Success: What Price Will You Pay?

The question that has always vexed me most is when a subscriber writes and asks:

“Should I become a freelance copywriter?”

“Should I start an Internet marketing business?”

“Should I [fill in the blank here]?”

Now, if you ask me HOW to do these things, I can give you some solid guidance.

But if someone asked me SHOULD they do this or that, I used to throw up my hands and say – “How can I tell you that? It’s entirely up to you!”

However, when I was reading the New York Review of Books last week, I came across a quote in an article by the late Isaiah Berlin that I think gives a useful answer to the question of “Should I?”

Berlin wrote: “One chooses as one chooses because (1) one knows what one wants, and (2) is ready to pay the price.” (I added the numbers.)

As for the first reason, (1) choosing because “one knows what one wants,” I would argue that you already know what you want or you wouldn’t be asking me if you should do it.

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Conversely, if you have spent years thinking about a thing and have taken no forward action, you probably don’t want it that badly.

It reminds me of a story about Mozart.

Supposedly a young man in his late teens or so approached Mozart and said “Maestro! I want to write a symphony! Please, please teach me how to write a symphony!”

Mozart looked him over and said “You’re too young to write a symphony.”

“But Maestro Mozart, you wrote a symphony when you were twelve years old,” the teen pointed out.

“Yes, but I didn’t have to ask how!” Mozart replied.

If you really want to do a thing, you will pursue it and do it. If not, then not. You won’t have to ask me or anyone else whether you should.

The second part of Berlin’s statement says that you will choose something if you are (2) “ready to pay the price.”

This price may be:

** Long years of education, practice, or apprenticeship before attaining your wish.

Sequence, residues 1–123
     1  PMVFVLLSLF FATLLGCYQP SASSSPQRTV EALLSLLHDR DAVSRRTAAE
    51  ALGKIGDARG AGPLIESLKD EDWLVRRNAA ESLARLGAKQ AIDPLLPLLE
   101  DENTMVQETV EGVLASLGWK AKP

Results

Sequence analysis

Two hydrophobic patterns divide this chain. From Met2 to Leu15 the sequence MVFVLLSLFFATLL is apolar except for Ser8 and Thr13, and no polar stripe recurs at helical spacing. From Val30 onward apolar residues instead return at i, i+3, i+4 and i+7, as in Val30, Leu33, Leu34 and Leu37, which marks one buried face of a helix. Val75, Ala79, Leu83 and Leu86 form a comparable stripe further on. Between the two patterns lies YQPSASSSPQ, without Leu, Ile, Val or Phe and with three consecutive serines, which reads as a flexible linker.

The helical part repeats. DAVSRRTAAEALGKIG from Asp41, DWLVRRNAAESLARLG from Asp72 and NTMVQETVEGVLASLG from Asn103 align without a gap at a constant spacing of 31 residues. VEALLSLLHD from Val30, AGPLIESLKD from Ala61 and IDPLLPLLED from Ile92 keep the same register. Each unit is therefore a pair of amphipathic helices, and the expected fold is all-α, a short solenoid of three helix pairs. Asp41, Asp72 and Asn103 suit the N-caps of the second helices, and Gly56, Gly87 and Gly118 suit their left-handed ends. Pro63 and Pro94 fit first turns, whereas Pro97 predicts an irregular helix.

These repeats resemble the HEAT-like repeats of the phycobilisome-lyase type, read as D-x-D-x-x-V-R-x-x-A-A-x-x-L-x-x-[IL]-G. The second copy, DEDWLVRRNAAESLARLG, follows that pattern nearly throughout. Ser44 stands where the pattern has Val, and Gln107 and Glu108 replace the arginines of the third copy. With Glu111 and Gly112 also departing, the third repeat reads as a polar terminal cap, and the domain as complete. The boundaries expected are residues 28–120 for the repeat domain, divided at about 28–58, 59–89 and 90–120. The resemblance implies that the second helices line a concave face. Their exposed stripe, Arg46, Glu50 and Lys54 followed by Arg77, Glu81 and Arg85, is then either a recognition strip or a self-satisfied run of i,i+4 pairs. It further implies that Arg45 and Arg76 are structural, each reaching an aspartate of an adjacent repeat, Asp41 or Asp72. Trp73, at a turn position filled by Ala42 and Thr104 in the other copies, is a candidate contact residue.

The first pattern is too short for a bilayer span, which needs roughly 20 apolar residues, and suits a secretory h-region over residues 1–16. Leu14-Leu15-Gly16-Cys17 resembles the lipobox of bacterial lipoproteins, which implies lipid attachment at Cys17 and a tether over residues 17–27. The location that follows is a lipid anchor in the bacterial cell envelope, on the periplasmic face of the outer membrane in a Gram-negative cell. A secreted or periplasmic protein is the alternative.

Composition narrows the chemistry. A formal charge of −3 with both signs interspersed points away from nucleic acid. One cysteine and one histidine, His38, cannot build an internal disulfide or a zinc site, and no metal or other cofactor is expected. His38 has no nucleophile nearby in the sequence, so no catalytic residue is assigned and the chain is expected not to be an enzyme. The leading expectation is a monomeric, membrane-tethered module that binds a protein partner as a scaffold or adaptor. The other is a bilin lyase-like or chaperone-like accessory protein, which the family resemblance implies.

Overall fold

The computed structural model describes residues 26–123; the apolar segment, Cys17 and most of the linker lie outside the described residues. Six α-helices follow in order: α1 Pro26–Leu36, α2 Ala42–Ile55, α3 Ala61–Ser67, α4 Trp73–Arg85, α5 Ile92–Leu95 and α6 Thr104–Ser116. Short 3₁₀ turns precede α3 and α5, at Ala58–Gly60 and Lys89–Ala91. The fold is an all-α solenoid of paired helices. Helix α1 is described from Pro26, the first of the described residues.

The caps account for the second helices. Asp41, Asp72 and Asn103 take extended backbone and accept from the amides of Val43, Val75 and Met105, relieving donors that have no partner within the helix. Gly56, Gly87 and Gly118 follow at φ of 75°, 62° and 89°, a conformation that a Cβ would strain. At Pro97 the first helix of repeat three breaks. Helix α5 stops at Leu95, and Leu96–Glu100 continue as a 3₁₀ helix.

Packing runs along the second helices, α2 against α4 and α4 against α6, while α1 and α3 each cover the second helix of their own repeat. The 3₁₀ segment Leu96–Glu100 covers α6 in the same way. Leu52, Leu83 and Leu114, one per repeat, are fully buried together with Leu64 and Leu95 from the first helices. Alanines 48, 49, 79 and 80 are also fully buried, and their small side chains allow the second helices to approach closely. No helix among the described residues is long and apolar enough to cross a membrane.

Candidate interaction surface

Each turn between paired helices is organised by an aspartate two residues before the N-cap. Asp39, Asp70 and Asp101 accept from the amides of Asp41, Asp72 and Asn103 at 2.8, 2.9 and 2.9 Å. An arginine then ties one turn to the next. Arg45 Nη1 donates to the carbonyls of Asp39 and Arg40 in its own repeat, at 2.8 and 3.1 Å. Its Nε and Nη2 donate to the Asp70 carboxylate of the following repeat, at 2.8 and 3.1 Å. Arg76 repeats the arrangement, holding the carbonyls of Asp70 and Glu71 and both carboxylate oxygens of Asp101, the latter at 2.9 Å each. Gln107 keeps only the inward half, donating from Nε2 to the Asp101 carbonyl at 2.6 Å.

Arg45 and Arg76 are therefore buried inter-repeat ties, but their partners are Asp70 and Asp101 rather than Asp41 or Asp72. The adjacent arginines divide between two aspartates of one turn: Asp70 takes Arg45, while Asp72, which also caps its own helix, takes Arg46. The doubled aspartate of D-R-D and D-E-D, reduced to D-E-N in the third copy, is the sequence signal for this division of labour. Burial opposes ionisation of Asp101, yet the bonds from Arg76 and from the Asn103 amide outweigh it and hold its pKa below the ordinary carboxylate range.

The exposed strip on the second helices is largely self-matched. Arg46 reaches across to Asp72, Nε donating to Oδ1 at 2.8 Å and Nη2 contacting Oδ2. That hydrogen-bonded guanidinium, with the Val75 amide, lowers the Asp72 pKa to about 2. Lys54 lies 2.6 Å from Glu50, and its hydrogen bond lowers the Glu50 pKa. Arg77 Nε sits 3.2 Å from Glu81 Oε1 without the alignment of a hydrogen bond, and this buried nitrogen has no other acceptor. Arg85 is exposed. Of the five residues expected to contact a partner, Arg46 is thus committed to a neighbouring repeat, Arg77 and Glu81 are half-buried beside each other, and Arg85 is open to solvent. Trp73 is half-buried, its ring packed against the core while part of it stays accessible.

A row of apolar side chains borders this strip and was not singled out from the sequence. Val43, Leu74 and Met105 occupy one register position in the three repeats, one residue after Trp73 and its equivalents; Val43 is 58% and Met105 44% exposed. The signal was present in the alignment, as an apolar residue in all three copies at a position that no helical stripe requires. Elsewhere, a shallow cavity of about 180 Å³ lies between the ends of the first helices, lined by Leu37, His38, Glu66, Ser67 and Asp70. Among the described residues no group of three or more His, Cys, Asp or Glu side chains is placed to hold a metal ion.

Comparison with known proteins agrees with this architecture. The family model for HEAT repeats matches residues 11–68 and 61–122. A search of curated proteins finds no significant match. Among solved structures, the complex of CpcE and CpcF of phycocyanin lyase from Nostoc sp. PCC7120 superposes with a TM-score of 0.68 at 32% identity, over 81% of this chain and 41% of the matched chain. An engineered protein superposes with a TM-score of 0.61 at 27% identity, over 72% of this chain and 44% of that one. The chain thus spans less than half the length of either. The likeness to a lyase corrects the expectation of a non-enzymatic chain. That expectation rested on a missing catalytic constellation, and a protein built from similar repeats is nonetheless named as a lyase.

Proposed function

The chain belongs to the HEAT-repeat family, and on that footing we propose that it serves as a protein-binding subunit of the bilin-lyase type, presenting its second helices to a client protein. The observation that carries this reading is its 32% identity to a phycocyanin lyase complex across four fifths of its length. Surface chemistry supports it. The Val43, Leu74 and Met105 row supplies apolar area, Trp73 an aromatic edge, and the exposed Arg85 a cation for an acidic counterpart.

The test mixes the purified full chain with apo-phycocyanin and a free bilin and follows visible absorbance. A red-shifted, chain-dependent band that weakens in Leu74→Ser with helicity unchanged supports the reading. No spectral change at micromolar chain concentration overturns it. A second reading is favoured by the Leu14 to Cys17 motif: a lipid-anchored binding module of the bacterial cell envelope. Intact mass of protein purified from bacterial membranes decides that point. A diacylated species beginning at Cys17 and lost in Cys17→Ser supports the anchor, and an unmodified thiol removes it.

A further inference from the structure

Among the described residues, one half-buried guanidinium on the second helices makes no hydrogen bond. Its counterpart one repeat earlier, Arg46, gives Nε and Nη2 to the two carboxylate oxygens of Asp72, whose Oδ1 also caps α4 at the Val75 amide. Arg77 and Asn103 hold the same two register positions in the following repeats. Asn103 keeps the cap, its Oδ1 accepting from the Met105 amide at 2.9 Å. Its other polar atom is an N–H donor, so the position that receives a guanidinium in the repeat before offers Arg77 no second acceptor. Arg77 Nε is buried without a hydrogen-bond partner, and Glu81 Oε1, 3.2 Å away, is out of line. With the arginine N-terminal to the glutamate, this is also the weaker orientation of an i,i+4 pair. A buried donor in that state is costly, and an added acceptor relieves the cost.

** Facing the possibility that, after all that time and effort and investment, you may not succeed.

** Taking a financial gamble as you invest in your new venture or dream – a gamble you could lose.

** Sacrificing time with family, leisure time, and other activities in the relentless pursuit of your vision.

** Risking the disapproval of friends and family who do not support you in your quest and say you are foolish to do it.

** Becoming so successful that you alienate those friends and family members who are less successful and resent your accomplishment.

** Taking so long to reach your goal that by the time you achieve it the other pleasures of life have passed you by and now you are too old to enjoy your success anyway.

If after reading the above list with your eyes wide open, you agree that these are prices you are willing to pay to achieve your dreams — then I encourage you to go full steam ahead.

On the other hand, if you quiver with fear after reading this list or want to put your head under the covers, you may not have the constitution required for entrepreneurial or artistic ventures or similar grand aims. And perhaps you are better off staying where and as you are.

One other observation: a psychologist once told me people do not take action until the pain of their current condition – whether poverty, boredom, fear, or unhappiness — exceeds their fear of change.

I think his observation is right on the money.